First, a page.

Teddie: The book advocates equal opportunities among leaders and leverages the idea that anyone can become a leader regardless of race, gender, sexual orientation, economic status, or religious. When you think of race, there are two things that come to my mind: (a) race as a competition and (b) race as a group of people united by a common ancestor or heredity. These two ideas have nothing to do with leadership, because leadership is about influencing followers. The book dives into the fundamental characteristics of becoming an effective leader.
Vera: You make the case that everyone can become a leader. What are the fundamentals of the process to becoming a leader?
Teddie: Great leaders are followers first. This is the core principle of becoming an effective leader. We hear a great deal about developing people to take on leadership roles, but little is discussed about followership. However, when you dive deeper into the characteristics of a leader, it is clear that true leaders are followers first. All good leaders know they developed their leadership styles by following someone else. This is a fundamental leadership process that starts from the home where children follow parents’ habits and reactions. As human beings, we have an inborn need to follow the lead of those who are dear to us.
Vera: What would you say really matters in leadership?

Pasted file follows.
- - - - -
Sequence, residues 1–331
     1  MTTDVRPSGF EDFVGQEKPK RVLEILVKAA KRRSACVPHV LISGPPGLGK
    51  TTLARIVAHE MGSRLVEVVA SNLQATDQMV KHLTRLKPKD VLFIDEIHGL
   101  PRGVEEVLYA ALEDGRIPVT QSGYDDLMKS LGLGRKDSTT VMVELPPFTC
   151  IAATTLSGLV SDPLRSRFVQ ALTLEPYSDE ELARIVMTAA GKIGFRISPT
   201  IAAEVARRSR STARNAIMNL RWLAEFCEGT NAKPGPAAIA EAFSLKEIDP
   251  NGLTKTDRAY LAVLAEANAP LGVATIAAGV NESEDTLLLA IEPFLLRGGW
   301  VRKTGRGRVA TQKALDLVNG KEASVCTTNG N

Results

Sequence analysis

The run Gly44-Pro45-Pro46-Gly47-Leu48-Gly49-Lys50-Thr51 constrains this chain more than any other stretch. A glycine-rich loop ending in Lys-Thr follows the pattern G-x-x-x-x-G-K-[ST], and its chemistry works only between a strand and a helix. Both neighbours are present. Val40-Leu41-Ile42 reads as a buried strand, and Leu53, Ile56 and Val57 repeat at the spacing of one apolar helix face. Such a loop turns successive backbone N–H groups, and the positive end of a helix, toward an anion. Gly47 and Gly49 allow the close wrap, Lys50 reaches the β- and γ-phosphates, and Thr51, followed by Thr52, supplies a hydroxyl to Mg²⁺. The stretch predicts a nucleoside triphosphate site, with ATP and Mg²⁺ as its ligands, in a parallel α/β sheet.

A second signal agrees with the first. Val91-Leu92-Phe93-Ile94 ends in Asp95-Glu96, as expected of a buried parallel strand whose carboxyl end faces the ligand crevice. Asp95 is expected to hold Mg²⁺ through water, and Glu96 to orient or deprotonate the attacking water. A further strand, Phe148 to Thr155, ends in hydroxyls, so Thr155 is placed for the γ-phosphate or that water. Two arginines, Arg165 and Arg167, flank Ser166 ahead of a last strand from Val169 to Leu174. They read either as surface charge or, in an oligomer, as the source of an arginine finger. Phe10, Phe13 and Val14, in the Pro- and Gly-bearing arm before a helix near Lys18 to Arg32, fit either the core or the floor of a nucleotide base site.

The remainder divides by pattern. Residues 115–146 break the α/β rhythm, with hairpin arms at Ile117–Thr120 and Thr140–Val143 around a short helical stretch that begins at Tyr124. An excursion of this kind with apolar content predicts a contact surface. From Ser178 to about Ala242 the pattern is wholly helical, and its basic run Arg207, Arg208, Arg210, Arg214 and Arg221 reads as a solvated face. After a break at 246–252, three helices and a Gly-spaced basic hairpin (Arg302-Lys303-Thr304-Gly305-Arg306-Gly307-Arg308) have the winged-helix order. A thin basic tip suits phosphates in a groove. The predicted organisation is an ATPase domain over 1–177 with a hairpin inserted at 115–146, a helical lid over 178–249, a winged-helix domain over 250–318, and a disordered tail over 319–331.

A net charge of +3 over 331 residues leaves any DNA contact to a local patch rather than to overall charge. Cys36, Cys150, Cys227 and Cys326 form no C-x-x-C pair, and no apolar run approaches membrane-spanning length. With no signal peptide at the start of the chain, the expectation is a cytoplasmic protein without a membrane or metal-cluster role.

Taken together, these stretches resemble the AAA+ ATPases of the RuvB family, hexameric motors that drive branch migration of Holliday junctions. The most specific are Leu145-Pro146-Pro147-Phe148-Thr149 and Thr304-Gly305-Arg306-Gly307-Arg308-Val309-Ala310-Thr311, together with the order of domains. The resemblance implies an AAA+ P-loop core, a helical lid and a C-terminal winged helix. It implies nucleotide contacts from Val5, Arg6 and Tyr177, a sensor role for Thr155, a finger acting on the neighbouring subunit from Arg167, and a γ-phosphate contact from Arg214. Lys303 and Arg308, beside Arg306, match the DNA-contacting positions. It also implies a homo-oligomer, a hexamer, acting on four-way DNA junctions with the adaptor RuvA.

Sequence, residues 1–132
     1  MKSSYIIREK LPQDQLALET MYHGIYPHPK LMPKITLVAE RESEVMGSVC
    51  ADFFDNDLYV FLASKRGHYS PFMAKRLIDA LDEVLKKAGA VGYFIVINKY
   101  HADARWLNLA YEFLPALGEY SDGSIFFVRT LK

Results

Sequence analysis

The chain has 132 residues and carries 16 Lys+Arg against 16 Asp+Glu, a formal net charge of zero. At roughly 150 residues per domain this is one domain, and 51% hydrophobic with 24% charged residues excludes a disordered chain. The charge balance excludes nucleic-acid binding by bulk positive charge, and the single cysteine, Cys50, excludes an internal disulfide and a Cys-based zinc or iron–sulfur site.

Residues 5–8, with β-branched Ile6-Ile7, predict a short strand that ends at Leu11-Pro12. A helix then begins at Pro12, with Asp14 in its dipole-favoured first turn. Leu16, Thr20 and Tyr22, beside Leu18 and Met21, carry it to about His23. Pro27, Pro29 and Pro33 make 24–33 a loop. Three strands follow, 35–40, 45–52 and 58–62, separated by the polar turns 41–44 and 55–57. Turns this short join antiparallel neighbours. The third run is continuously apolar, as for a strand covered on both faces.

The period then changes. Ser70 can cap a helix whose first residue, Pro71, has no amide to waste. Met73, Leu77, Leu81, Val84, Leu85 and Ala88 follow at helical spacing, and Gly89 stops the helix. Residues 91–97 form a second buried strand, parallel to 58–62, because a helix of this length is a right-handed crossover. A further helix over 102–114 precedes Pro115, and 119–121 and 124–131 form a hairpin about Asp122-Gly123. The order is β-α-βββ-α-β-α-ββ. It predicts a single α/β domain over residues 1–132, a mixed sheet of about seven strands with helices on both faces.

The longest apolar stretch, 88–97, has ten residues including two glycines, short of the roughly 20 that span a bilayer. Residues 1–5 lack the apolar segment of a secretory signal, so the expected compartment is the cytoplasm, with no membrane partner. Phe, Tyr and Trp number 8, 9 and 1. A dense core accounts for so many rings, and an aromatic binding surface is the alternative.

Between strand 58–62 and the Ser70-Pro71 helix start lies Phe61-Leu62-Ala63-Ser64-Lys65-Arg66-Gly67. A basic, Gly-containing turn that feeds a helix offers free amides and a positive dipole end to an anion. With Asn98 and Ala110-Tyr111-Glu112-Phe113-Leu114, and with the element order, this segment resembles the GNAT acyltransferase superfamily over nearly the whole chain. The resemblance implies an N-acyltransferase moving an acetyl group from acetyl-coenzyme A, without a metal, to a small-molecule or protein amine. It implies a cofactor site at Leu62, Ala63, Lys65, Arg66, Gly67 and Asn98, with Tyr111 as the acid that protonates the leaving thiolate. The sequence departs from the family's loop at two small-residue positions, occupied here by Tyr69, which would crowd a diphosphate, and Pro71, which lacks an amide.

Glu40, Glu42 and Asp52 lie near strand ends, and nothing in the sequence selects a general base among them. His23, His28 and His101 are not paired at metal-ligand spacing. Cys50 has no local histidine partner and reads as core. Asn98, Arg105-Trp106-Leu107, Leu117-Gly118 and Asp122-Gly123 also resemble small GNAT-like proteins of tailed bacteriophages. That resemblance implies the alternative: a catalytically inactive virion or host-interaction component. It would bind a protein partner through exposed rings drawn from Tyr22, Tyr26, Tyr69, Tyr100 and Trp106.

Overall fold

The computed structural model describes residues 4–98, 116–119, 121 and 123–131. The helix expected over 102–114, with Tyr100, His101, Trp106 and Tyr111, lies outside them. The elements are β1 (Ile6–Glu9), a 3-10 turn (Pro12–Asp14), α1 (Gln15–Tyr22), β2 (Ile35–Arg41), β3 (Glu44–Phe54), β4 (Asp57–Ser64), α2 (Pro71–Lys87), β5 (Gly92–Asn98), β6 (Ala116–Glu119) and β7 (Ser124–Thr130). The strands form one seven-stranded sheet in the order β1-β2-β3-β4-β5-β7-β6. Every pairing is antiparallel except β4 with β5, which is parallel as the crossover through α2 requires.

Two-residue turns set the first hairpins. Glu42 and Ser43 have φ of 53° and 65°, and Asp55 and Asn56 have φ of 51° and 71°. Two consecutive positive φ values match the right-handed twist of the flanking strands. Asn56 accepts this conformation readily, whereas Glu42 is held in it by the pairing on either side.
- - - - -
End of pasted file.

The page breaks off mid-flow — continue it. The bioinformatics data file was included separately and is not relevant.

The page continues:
Teddie: Leadership is about influencing followers in positive ways. It is essential that a leader is inspiring, and stimulate their followers by their actions and language. A leader should be honest. Honesty supports the credibility of a leader. Also trust-if a leader creates a trusting environment, followers are open and get more involved in an organization. Trust fosters openness, which ensures free communication as everyone feels safe discussing any issues that come up. Furthermore, being visionary really matters in leadership to guide followers in reaching the intended goals, from the current state to working toward the vision state. Finally, celebration matters. A leader should encourage and celebrate both success and failures. By celebrating failures, leaders create opportunities to discuss mistakes openly and learn from what happened.
Vera: You also share some thoughts on how a leader can be made to become more competent. Who determines the competence of a leader and how can any gaps be subsequently addressed?
Teddie: This is a great question. A leader cannot determine their own competency. Leaders may believe that they are competent, but it is their followers and other people who determine their competence. Remember that competence is the leader’s ability to guide and direct others. This may at times, be demonstrated by the leader’s relevant experience in the subject matter. If followers determine lack of competency from their leader, it can be difficult for them to carry out leadership duties. Therefore, it is imperative for everyone to help leaders who show signs of incompetence to bridge the gaps.
Vera: Most people including leaders deliberately avoid conflict. What is required of leaders during conflict that’s not required in regular times?